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 Pink-footed Goose - Fact File
Pink-footed Goose
Anser brachyrhynchus
Winter visitor. Largest numbers found in S/E Scotland, with smaller numbers in N/W England and around the Wash and East Anglia.
Mudflats, lakes, fields with stubble and root crops.

Smallish goose with small stubby bill and rounded head giving distinctive profile.

60 - 75 cm (24 - 30")

Pink-footed Goose

Recent ornithological events on the lower Bure marshes, near Yarmouth, have reminded me of my earliest bird-watching days. Written half a century ago, my diaries have revived memories of the first occasion I entered the tumble-down marsh farmhouse known as the Haunted House.

After climbing the rickety staircase, I obtained superb views through a window of several hundred pink-footed geese. The nearest were only a few yards away. Most were grazing, others preening and splashing in rainwater pools.

Rival ganders chased one another with necks lowered and wings spread. And at intervals small parties took wing before landing again a short distance away. Eventually the whole company was disturbed by low-flying aircraft. The majority headed seaward; but others were content to continue feeding half a mile distant.

At the time, although in decline, pink-feet continued wintering in east Norfolk. Scroby Sandbank was the favoured roost-site although in times of dense fog or gale-force winds, the night was spent either in an isolated marsh or on Breydon estuary.

I never expected these magical winter visitors to return to this part of Broadland. However, during recent weeks the clock has turned back decades and to my delight thousands of pink-feet have taken up temporary residence on the Bure levels.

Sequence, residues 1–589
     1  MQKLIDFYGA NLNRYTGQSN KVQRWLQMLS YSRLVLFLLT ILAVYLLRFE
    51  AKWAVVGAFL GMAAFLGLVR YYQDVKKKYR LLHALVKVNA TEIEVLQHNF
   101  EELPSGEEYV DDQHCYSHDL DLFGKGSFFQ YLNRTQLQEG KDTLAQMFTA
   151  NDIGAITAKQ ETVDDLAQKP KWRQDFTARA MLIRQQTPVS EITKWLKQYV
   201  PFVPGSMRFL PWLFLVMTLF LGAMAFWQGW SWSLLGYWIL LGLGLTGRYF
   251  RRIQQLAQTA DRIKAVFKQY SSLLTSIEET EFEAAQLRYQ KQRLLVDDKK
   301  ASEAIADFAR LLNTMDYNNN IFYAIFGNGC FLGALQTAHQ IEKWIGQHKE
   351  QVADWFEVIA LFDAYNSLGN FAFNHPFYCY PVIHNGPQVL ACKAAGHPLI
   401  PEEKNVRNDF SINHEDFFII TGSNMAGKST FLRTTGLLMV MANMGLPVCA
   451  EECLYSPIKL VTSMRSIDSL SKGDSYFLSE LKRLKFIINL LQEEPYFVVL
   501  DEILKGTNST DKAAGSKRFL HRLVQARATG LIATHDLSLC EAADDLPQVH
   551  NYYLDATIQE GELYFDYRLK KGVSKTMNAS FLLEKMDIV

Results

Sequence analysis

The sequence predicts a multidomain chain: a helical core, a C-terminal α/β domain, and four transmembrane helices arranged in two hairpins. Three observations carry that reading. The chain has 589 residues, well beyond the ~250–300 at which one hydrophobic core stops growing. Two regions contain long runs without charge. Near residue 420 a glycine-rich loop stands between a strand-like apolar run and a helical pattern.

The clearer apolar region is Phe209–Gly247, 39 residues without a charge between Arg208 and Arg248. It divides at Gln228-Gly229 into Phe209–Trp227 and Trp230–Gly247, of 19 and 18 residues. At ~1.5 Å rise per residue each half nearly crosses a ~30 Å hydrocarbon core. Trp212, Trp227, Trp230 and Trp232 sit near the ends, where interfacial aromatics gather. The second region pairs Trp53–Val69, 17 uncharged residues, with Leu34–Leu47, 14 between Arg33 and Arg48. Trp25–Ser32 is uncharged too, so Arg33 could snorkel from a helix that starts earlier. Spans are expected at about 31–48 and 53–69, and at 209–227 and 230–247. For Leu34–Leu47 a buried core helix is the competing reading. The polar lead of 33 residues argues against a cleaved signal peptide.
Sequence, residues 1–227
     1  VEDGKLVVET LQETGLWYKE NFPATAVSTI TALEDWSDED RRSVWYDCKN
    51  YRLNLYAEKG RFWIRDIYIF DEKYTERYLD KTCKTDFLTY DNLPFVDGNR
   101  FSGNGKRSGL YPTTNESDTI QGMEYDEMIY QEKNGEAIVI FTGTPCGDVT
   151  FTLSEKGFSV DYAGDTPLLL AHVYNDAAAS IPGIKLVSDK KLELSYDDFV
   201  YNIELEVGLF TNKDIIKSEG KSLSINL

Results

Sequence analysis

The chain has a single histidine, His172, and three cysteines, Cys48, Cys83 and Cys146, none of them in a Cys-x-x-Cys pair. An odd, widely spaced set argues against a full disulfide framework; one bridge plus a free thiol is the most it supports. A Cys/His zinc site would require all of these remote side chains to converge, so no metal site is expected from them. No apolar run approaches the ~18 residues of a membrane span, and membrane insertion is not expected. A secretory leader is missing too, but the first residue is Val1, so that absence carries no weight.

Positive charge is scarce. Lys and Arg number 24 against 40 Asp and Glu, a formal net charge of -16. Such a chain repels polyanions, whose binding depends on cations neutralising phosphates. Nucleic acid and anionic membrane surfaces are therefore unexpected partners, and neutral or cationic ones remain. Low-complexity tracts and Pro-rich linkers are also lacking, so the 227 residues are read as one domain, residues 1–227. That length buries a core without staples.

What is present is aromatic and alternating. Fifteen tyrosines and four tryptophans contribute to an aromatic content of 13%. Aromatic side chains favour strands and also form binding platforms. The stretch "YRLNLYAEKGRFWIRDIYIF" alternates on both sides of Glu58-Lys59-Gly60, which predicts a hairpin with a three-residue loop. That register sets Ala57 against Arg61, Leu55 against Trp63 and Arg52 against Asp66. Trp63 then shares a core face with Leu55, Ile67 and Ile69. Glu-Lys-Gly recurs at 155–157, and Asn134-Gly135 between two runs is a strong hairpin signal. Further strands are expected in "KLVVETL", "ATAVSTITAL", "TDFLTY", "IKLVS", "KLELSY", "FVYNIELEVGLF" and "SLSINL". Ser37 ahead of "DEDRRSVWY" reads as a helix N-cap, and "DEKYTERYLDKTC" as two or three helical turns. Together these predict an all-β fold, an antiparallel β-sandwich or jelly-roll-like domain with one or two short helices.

The pink-footed geese wintering in Britain breed in Iceland and East Greenland. Egg-laying commences in mid-May. Favoured nest sites are snow-free hummocks and banks safely above post-thaw floods.

Other birds favour nesting on river gorge cliffs and the tops of rock pinnacles in gorges. Nests may be as close as 15ft apart. The same nest sites are often used year after year. Some sites are thought to be 40 years old.

The young geese remain with their parents throughout the first autumn and winter, migrating together in the spring. Another population of pink-feet breeding in Spitsbergen is concentrated in winter in Belgium, the Netherlands and Denmark. Maybe the geese appearing recently in south-east Norfolk have crossed the North Sea from Holland?

Often goose concentrations contain strangers. Towering above the pink-feet visiting north-west Norfolk last winter was a white, or snow phase, greater snow goose. No doubt this was the example which appeared in Lancashire, again with pink-feet, earlier that winter. But the splendid Arctic goose is popular in waterfowl collections. Most vagrants appearing in Europe are thought to be "escapes" but wild greater snows certainly occur, especially in Iceland and Ireland

By Michael J. Seago

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Illustrations by Dave Nurney from - The Pocket Guide to the Birds Of Britain and North-West Europe By Chris Kightley and Steve Madge
© Pica Press and reproduced with kind permission.